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Clearing the Smoke: Assessing the Science Base for Tobacco Harm Reduction
Knowledge Regarding Constituents, Additives, and Toxicity
Bolling and colleagues (2000) conducted a survey of 1,036 smokers in England in October 1998 to examine consumers’ reactions to cigarette yield and product information. They also conducted focus groups and in-depth interviews in February 2000. While most smokers knew that tar (92%) and nicotine (98%) were present in tobacco smoke, fewer (29%) knew that carbon monoxide was present and almost none (≤5% for all chemicals) knew about the presence of toxic chemicals such as arsenic, lead, and cyanide. Bolling and colleagues also reported that smokers were shocked to learn about the presence of dangerous chemicals in their cigarettes, in part because such information undermined their beliefs that cigarettes were “natural” products.
In 1997, R.J. Reynolds Tobacco Company re-positioned the Winston brand with an advertising campaign claiming its product was made with “100% tobacco,” containing “no additives” (see table 3–1, Arnett, 1999). In mall intercept interviews, 400 adolescents were surveyed about the Winston advertisements in Arizona and Washington, and 203 adults were surveyed in Washington. The two most common responses to the question, What do you think the Winston ads mean by saying that Winstons have “no additives”? were that Winston cigarettes contained only tobacco and that Winston cigarettes have no added chemicals. However, 36% of adolescents and 18% of adults also perceived them as meaning that Winston cigarettes were healthier than other cigarettes. Furthermore, 39% of adolescents and 20% of adults perceived the advertisements as claiming that Winstons were “less likely than other cigarettes to harm your health.” Additionally, 42% of adolescents and 14% of adults stated that the advertisements meant that Winstons are “less likely than other cigarettes to be addictive.” Overall, about two-thirds of adolescents and one-quarter of adults believed that the no additives claim meant at least one of the above implied health claims.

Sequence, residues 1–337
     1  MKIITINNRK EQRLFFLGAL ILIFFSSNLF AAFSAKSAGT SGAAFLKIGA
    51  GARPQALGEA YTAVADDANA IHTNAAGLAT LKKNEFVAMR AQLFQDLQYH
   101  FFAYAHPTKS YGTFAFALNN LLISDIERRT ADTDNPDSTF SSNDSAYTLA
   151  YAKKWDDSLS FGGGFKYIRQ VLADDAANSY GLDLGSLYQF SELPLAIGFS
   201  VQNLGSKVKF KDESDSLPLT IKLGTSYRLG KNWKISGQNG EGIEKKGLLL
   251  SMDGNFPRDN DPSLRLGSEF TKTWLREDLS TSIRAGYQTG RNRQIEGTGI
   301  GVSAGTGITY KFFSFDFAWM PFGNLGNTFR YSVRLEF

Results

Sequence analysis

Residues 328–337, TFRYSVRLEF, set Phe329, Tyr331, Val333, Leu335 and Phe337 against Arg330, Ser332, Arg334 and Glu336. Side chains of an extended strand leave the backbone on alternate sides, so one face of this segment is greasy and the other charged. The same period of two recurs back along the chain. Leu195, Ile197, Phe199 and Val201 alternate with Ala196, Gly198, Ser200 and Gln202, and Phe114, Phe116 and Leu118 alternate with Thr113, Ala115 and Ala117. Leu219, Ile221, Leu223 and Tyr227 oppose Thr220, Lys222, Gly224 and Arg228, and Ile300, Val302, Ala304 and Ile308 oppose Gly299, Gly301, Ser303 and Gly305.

Evidence also suggests that consumers perceive menthol-containing cigarettes to be less harmful because they seem less harsh on the throat. Menthol cigarettes appear to be at least as dangerous as nonmenthol cigarettes (U.S. DHHS, 1998). About 26% of all cigarettes sold in the United States are mentholated (FTC, 2000). The vast majority of African-American smokers smoke menthol brands (U.S. DHHS, 1998). Epidemiological studies of mentholated cigarettes suggest that these products are at least as dangerous as nonmentholated cigarettes (Herbert and Kabat, 1989; Kabat and Herbert, 1991, 1994; Sidney et al., 1995). Additionally, the committee is aware of no evidence in support of the assertion that cigarettes without additives are less hazardous than those with additives.
Given the persistent health claims that were made about these products earlier in the century (Table 3–1), surprisingly little research has been